RUSH TO THE FINISH
A look at some of the major legislation approved in Maryland’s 90-day legislative session that ended at midnight Monday in Annapolis.
Businesses with 15 or more employees would be required to provide at least five paid sick days.
Statewide ban on the hydraulic fracturing drilling process known as fracking.
Maryland’s attorney general would be able to bring civil actions against manufacturers of off-patent or generic drugs that make “unconscionable” price increases.
OPIOID DRUG ABUSE:
A comprehensive package of measures to try to address opioid drug overdoses. The HOPE Act requires hospitals to set a new protocol for discharging patients treated for substance abuse disorders and increases access to the overdosereversal drug known as naloxone.
Tax incentives backed by Gov. Larry Hogan to attract manufacturing jobs to parts of the state that need it most, including Western Maryland, the lower Eastern Shore and Baltimore.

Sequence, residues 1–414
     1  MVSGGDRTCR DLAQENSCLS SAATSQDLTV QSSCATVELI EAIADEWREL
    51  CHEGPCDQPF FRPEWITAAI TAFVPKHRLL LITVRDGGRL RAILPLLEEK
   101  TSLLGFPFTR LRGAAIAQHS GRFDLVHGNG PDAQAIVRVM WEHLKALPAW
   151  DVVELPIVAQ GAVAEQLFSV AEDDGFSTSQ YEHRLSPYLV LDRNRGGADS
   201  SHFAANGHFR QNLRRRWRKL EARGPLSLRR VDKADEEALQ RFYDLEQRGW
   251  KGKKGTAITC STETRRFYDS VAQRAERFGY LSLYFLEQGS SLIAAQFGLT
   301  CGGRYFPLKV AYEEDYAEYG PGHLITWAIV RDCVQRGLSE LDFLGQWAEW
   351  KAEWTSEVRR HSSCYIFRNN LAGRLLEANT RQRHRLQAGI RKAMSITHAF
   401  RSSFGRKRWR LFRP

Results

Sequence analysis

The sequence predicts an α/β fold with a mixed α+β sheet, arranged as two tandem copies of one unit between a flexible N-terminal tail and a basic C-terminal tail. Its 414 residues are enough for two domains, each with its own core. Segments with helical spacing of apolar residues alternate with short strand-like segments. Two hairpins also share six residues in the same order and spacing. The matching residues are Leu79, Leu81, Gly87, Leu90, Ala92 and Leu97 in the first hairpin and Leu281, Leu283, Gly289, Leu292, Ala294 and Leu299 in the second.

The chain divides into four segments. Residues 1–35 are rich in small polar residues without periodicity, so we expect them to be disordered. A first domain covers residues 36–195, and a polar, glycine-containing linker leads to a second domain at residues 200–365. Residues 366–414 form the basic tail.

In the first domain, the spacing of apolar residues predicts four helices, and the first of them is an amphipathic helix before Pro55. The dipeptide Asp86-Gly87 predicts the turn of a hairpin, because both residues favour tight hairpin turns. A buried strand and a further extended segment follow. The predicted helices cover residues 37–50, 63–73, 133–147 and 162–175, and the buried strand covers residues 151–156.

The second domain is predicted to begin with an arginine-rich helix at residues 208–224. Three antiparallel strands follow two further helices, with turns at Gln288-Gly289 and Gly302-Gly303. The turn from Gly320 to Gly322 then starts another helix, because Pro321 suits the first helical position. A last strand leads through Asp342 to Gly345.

Lawmakers pulled back on requirements in a transportation scoring system that Mr. Hogan warned would end up blocking transportation projects throughout the state.
Limits on school testing would be limited to 2.2 percent of the school year. That’s about 24 hours for elementary and middle schools and about 26 hours in high schools.
The state attorney general can now sue the federal government without the governor’s permission. Separately, the attorney general’s office will receive $1 million in future budgets to pay for lawsuits against federal government actions that hurt the state.
Maryland would steer $2.7 million to family planning services at Planned Parenthood if the federal government cuts funding.
Oyster sanctuaries in the Chesapeake Bay will remain barred to watermen until a survey on the oyster population is finished next year.
Maryland would become the second state in the nation to prohibit routine antibiotic use in livestock, out of concern within the public health community about antibiotic resistance.
PRINCE GEORGE’S HOSPITAL:
Approved $100 million for operating grants for the Prince George’s County Regional Medical Center through 2028.